Like all war stories, the most incredible aspects of the plot are those based on fact. Sepetys decided to write the book after traveling to Lithuania to meet her ancestors and hearing about the oppressive Soviet rule that held the entire country captive for decades. She knew nothing about it before her trip and she couldn’t believe that the country was still trying to hush it up.
“The eternal grayness in camp became a shade darker.”

A powerful story of WWII. The descriptions of war life are a bit graphic at times and it’s an intense read, but one that’s worth picking up.

by Erik Larson

Just as he did in The Devil in the White City, Larson blends the nonfiction story of a murder with the relevant scientific or cultural events happening at the time. When Belle Elmore mysteriously moves to America and then passes away, her friends and family members are more than suspicious. Her husband, Hawley Herbert Crippen, becomes the focus of the inquisition, but just as soon as the police focus their attention on him he disappears. Guglielmo Marconi’s timely invention of the wireless telegraph comes into play when the captain of the SS Montrose recognizes the fugitive aboard his ship.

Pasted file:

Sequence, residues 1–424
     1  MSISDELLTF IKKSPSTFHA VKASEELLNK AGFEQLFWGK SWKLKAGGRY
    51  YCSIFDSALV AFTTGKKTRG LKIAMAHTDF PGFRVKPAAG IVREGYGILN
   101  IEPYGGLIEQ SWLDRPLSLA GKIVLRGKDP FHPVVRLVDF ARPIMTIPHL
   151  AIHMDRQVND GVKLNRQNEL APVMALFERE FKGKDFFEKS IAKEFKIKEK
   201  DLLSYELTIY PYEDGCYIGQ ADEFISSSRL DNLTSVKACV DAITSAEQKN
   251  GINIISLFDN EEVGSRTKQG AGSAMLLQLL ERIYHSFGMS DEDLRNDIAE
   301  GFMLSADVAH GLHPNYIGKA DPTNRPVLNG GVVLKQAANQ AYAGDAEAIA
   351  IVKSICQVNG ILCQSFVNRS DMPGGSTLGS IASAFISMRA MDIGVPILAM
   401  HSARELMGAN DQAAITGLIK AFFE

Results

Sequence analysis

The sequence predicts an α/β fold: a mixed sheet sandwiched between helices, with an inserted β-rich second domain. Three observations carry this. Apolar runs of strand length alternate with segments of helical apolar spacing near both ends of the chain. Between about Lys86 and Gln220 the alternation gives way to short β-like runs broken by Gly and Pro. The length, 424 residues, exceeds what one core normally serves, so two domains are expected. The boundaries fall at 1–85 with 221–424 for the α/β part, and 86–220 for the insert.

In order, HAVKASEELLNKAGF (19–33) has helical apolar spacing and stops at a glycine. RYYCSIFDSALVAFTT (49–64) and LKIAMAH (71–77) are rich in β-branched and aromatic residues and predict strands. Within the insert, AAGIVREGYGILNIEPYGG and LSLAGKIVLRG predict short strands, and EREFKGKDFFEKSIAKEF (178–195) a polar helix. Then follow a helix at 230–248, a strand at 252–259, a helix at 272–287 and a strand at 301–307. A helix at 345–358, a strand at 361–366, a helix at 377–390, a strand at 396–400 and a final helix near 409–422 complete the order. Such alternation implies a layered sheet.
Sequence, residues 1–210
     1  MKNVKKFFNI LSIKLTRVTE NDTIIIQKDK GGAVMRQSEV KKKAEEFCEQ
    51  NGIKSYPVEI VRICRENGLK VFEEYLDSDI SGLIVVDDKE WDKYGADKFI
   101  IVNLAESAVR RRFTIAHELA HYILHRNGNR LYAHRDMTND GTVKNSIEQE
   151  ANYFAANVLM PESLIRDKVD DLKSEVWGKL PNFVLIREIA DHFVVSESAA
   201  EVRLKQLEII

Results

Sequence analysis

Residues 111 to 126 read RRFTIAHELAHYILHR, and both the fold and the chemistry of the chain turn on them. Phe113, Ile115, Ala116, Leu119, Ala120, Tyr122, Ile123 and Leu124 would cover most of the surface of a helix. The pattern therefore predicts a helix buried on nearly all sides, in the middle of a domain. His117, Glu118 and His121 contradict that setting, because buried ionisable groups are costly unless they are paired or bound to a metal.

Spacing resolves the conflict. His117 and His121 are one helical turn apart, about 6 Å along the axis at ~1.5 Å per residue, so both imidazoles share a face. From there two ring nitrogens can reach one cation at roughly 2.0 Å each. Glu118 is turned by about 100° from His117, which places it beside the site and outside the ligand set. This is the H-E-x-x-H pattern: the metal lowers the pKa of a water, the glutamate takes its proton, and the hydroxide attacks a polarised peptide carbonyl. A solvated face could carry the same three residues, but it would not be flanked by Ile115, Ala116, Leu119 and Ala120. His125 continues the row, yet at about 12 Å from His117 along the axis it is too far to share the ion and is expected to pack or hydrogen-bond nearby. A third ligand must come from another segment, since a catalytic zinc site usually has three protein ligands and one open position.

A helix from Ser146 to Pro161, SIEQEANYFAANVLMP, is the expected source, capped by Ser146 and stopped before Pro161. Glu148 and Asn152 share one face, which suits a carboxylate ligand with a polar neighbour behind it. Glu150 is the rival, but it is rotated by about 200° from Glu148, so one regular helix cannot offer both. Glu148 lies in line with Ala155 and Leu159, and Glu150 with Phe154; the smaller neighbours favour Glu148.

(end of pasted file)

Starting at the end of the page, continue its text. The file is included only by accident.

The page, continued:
I’m always intrigued by Larson’s books. He finds murders and happenings that might not be well-known but that are thrilling. I would say that this one is much slower than Devil, but it’s still interesting. A murder mystery and the political world of invention are intertwined in an amazing way. I often forget that advances in technology can affect our lives in unexpected ways.
If you loved Devil in the White City then don’t miss this one. In my opinion it’s not quite as enthralling, but I still love the mix of education and murder mystery.


Sandy Nawrot said...

I have read a couple of Anna Quindlen's books and I adore her. Sign me up to read her musings on books! And I loved Ruta as well (she has a new one out, and I'm very excited.) As far as Larson, Devil is one of my all-time favorite books, but I LOATHED the one he wrote about WWII.

Kat @ NoPageLeftBehind said...